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Multi-level Policy Framework for Sustainable Urban Development and Nature-based Solutions – Status quo, gaps and opportunities

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Multi-level Policy Framework for Sustainable Urban Development and Nature-based Solutions – Status quo, gaps and opportunities

CLEVER Cities Deliverable 1.2

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Knoblauch et al. (2019). Multi-level policy framework for sustainable urban development and nature-based solutions -- Status quo, gaps and oppor-tunities. Deliverable 1.2, CLEVER Cities, H2020 grant no. 776604.

In this report, Doris Knoblauch, Sandra Naumann, Linda Mederake and Ariel Carlos Araujo Sosa (all Ecologic Institute) explore the extent to which current policy frameworks support sustainable urban development and nature-based solutions (NBS).

To this end, policies at the international and EU levels were reviewed, as well as at the national, regional and local levels pertaining to the nine CLEVER Cities case studies (Hamburg, Germany; London, UK; Milan, Italy; Belgrade, Serbia; Larissa, Greece; Madrid, Spain; Malmö, Sweden; Quito, Ecuador; and Sfântu Gheorghe, Romania). Complementary expert interviews support the identification of gaps and windows of opportunities to strengthen sustainable urban development.

The analysis reveals that a variety of different terms are used across countries and from the local to international scale in policies and discourses in support of sustainable urban development, with green (and blue) infrastructure being the most frequently used. However, while many policies were shown to have strong explicit support for sustainable urban development, these often lack mandatory policy instruments.

While the reviewed policy frameworks provide a strong starting point for strengthening sustainable urban development through NBS, several challenges remain which must be overcome in order to tap this potential. Key challenges include, for example, the insufficient standardisation of NBS at the EU level, and difficulties in the main-streaming of sustainable urban development and NBS across policies at all levels and across jurisdictional boundaries, particularly at the local level. In addition, the potential benefits of NBS for cities are still not well known to decision-makers, practitioners, the private sector and civil society. This is compounded by the slow and highly bureaucratic administrative processes, institutional inertia and the inflexibility to consider new ideas. At the local level, authorities often lack capacities and sometimes capabilities to navigate and access the complex European funding landscape or to access investments from the private sector for NBS in sustainable urban development.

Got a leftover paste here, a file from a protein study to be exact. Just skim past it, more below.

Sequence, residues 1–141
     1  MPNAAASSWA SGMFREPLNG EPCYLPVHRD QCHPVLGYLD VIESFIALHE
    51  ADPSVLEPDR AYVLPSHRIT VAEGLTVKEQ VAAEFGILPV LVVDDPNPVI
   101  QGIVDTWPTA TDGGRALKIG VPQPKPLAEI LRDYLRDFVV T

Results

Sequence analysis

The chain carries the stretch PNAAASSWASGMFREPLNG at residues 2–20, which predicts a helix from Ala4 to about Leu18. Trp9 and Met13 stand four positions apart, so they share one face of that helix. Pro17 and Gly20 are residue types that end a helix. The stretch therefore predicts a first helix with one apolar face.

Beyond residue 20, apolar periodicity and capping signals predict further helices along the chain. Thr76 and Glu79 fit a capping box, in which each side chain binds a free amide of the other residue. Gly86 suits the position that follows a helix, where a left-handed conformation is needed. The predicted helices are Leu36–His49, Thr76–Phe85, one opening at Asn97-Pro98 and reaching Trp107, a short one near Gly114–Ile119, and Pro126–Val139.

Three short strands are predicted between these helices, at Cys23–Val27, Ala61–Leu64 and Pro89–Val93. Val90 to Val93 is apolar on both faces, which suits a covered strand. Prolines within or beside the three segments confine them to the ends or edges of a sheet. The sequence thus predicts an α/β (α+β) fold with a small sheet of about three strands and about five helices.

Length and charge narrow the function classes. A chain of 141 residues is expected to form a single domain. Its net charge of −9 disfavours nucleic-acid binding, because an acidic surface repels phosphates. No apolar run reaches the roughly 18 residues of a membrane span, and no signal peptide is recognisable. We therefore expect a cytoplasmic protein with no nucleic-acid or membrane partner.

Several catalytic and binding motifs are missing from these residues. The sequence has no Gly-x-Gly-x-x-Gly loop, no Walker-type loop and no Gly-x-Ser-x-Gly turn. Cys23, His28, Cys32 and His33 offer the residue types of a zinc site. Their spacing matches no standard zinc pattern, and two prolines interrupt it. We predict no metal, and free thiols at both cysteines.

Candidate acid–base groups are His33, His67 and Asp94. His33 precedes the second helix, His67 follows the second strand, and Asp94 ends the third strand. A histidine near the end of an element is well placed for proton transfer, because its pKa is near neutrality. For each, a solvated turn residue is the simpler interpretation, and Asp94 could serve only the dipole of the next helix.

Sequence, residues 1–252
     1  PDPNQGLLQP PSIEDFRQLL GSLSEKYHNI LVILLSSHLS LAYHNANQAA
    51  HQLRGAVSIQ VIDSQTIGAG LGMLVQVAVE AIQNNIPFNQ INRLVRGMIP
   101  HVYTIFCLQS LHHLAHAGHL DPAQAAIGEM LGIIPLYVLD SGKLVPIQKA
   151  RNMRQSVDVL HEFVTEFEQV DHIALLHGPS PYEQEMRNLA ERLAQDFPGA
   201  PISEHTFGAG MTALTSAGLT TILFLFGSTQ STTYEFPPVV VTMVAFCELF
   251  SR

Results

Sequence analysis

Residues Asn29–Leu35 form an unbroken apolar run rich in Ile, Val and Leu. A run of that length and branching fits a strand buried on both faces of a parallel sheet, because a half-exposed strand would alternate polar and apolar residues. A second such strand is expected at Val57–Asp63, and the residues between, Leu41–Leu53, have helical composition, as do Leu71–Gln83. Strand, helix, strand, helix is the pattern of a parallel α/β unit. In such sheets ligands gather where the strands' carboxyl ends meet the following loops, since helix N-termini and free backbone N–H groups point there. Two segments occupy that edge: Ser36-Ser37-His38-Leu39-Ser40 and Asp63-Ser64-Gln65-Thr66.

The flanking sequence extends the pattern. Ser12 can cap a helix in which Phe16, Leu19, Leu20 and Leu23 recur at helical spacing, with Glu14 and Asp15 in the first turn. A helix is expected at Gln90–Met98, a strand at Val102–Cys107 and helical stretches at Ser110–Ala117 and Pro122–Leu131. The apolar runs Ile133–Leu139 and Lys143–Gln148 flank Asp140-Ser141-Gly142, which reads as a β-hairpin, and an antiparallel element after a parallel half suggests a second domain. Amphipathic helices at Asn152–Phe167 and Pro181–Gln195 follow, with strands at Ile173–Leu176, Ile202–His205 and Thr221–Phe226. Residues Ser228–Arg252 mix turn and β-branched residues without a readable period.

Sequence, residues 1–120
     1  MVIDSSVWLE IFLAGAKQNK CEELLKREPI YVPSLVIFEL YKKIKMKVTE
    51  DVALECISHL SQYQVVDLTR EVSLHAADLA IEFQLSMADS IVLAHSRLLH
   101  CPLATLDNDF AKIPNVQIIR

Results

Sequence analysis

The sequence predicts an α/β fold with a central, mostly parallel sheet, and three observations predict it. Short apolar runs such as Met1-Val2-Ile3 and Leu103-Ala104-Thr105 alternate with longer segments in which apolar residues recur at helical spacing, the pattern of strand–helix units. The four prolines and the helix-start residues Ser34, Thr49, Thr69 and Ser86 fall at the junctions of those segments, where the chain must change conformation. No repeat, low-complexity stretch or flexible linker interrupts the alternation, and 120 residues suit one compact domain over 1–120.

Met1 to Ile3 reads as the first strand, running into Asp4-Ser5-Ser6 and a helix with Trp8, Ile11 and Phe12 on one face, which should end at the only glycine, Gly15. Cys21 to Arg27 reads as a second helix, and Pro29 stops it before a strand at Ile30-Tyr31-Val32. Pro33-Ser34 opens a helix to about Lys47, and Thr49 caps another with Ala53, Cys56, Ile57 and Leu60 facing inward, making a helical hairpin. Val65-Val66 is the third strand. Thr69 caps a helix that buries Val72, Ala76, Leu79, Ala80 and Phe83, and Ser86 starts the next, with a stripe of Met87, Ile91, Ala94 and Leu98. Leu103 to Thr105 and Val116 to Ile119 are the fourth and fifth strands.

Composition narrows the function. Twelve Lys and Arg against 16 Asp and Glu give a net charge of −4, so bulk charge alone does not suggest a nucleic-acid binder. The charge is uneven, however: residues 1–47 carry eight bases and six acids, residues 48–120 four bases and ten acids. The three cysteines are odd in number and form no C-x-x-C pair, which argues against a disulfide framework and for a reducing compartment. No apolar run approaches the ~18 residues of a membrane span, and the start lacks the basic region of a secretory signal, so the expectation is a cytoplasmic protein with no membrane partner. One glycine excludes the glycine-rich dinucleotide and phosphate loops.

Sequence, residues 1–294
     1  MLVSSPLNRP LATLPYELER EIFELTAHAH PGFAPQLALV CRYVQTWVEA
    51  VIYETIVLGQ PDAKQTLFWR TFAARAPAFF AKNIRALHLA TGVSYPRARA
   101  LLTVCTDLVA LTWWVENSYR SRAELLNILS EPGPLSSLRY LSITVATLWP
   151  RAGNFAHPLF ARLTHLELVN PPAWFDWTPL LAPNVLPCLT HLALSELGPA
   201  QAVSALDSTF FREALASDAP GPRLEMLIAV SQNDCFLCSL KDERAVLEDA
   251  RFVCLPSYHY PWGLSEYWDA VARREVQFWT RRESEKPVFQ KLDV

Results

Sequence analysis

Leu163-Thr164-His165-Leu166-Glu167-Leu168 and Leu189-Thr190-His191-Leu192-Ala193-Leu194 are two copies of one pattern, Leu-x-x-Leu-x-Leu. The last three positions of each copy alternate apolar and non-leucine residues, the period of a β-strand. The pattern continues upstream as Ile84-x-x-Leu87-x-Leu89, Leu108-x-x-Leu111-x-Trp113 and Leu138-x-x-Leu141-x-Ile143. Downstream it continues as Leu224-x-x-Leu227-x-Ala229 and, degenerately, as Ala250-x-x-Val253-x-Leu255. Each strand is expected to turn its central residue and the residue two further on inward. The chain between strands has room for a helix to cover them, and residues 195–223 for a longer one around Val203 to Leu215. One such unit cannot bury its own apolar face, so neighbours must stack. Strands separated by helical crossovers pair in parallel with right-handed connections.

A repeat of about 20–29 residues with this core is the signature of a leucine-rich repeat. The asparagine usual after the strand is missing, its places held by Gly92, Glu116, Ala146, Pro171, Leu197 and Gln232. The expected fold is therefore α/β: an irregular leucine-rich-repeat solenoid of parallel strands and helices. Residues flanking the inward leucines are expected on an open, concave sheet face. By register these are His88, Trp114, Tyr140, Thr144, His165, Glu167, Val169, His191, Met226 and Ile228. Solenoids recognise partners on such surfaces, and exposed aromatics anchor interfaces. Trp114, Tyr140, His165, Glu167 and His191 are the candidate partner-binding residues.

The full deliverable explaining the findings and conclusions in detail ist available for download.

While many policies show strong explicit support for sustainable urban development, they often lack mandatory policy instruments.

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Language
English
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With contributions from

Maja Berghausen, Freie und Hansestadt Hamburg (Hamburg)
Martin Krekeler, Freie und Hansestadt Hamburg (Hamburg)
Mascha Menny, Freie und Hansestadt Hamburg (Hamburg)
Justus A. Quanz, Freie und Hansestadt Hamburg (Hamburg)
Peter Massini, Greater London Authority (London)
Stefano Casagrande, City of Milan (Milan)
Emilia Barone, City of Milan (Milan)
Giulia Raimondi, City of Milan (Milan)
Ana Mitić-Radulović, Centre for Experiments in Urban Studies (Belgrade)
Maria Nikolaidou, City of Larissa (Larissa)
Evangelia Giovri, City of Larissa (Larissa)
Maria Markatou, City of Larissa (Larissa)
Anastasia Synapalou, City of Larissa (Larissa)
Dimitris Mavidis City of Larissa (Larissa)
Georgios Soultis, City of Larissa (Larissa)
Rafael Ruiz López de la Cova, City of Madrid (Madrid)
Luis Tejero Encinas, City of Madrid (Madrid)
Shoshana Iten, City of Malmö (Malmo)
Ulrika Poppius, City of Malmö (Malmo)
David Jácome Polit, City of Quito (Quito)
María Fernanda Calderón City of Quito (Quito)
Nicolas Salmon, YES Innovation (Quito)
Delin Antal, Municipality of Sfântu Gheorghe (Sfântu Gheorghe)
Adrienne Szabaday, Municipality of Sfântu Gheorghe (Sfântu Gheorghe)
Carolina Garcia Madruga, Tecnalia (international policies)

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73 pp.
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Table of contents
Keywords
sustainable urban development, nature-based solutions, green infrastructure, cities, EU, European Union
Europe, international, Hamburg, Germany, London, United Kingdom, Milan, Italy, Belgrade, Serbia, Larissa, Greece, Madrid, Spain, Malmö, Sweden, Quito, Ecuador, Sfântu Gheorghe, Romania
policy review, semi-structured interviews analysis